Health Care Bill Timeline

I am sure there are more landmines hidden in the Senate Bill, but the Heritage Foundation has parsed an implementation schedule from the most recent bill:

2010: Physician Medicare payments decrease 21% effective March 1, 2010

2011: "Annual Fee" tax on health insurance, allocated according to share of total premiums. Begins at $2 billion in 2011, then increases to $4 billion in 2012, $7 billion in 2013, $9 billion in the years 2014, 2015, and 2016, and eventually $10 billion for 2017 and every year thereafter. Two insurers in Nebraska and one in Michigan are exempt from this tax.

2012: Medicare payment penalties for hospitals with the highest readmission rates for selected conditions.

2013: Medicare tax increased from 2.9% to 3.8% for incomes over $250,000 (joint filers) or $200,000 (all others). (This is stated as an increase of 0.9 percentage points, to only the employee's share of the FICA tax.)

2014: Individual mandate begins: Tax penalties for not having insurance begin at $95 or 0.5% of income, whichever is higher, rising to $495 or 1% of income in 2015 and $750 or 2% of income thereafter (indexed for inflation after 2016). These penalties are per adult, half that amount per child, to a maximum of three times the per-adult amount per family. The penalty is capped at the national average premium for the "bronze" plan.

2015: Establishment of Independent Medicare Advisory Board (IMAB) to recommend cuts in Medicare benefits; these cuts will go into effect automatically unless Congress passes, and the President signs, an override bill.

2016: Individual mandate penalty rises to $750 per adult ($375 per child), maximum $2,250 per family, or 2% of family income, whichever is higher (capped at the national average premium for the "bronze" plan). After 2016, the penalty will be increased each year to adjust for inflation.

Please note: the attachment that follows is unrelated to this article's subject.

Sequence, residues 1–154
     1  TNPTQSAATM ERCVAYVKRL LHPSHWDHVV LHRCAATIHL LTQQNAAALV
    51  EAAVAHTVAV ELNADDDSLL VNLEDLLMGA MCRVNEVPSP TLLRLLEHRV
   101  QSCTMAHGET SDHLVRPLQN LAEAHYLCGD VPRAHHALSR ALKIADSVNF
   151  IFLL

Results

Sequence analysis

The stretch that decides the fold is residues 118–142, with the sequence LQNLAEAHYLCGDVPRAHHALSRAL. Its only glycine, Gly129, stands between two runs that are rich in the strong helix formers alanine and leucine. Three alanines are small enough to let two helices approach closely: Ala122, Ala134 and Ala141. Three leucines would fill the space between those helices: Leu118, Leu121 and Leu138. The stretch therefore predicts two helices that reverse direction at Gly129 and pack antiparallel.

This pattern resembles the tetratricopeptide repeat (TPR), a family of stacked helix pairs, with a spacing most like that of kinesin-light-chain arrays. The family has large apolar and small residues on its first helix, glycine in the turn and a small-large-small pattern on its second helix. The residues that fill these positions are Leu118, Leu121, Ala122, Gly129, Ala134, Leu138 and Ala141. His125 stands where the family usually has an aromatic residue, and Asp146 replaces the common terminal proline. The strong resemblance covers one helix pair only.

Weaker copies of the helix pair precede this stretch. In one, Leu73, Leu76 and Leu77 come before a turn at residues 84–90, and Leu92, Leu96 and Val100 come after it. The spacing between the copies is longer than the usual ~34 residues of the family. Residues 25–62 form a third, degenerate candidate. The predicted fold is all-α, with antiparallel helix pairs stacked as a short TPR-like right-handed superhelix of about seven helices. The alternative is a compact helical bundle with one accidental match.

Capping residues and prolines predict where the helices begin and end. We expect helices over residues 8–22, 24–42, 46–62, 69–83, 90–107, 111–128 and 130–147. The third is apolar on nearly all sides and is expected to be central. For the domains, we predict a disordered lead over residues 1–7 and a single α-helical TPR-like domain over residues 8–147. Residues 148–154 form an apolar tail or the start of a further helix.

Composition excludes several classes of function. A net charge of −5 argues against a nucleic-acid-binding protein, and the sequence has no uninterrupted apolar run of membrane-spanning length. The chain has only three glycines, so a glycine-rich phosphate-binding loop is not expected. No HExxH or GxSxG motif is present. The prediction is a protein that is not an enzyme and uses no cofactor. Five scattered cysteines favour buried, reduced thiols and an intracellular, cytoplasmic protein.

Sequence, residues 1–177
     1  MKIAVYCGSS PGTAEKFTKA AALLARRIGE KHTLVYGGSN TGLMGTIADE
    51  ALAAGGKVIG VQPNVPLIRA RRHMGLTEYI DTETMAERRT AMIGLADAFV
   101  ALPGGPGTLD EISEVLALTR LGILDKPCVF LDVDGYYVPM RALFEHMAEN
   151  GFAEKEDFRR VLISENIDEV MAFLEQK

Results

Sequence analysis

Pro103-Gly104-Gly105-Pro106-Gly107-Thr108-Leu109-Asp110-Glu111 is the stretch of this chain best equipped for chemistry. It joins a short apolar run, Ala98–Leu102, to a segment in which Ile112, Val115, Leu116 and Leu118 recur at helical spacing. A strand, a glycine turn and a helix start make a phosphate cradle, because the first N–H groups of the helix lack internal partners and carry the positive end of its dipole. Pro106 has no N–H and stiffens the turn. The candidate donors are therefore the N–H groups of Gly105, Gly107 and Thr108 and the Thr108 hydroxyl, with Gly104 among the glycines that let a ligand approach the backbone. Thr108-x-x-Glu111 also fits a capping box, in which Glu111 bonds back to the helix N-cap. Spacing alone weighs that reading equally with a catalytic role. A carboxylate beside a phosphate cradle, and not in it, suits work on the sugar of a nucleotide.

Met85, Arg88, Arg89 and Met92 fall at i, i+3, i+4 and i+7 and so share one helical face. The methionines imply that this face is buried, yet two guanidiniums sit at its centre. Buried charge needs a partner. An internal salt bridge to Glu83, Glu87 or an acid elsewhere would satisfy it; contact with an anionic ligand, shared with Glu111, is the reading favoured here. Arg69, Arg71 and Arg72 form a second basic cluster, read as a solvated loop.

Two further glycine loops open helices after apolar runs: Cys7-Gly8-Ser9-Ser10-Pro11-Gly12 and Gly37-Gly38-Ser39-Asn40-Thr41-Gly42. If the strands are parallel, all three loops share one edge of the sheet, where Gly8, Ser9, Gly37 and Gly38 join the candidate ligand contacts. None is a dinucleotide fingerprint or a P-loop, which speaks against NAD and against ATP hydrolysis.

There is a link in the original to a more detailed timeline.  There is a lot more that is left out of this brief timeline, see it here.


  1. morganovich:

    the IMAB will be the controller of rationing and service denial.

    the fact that they can cut anything they want without any approval by elected officials makes them pretty much suzerain of government healthcare.

    whether they become a "death panel" or whatever is not necessarily clear, but they certainly have to power to be.

  2. gn:

    Bummer that they are putting a stake through the heart of FSA/HSA/HRA-based plans with the $2500 max. That's not nearly high enough for a family.

    There goes one of the few good ideas to come out of the healthcare-insurance-industrial complex in the last 20 years, and possibly our last chance (via consumer cost-awareness) to "bend" the cost curve.

  3. Xmas:

    Reading through the PDF scared the crap out of me. The insistence that insurance companies have an 85% "medical loss" while slapping larger and larger taxes (which don't count towards "medical loss) and requirements on them seems like a sure-fire way to kill health insurance provided by private companies.

  4. Noumenon:

    This is an informative post, thanks for posting on this. Same goes for the GMAC one.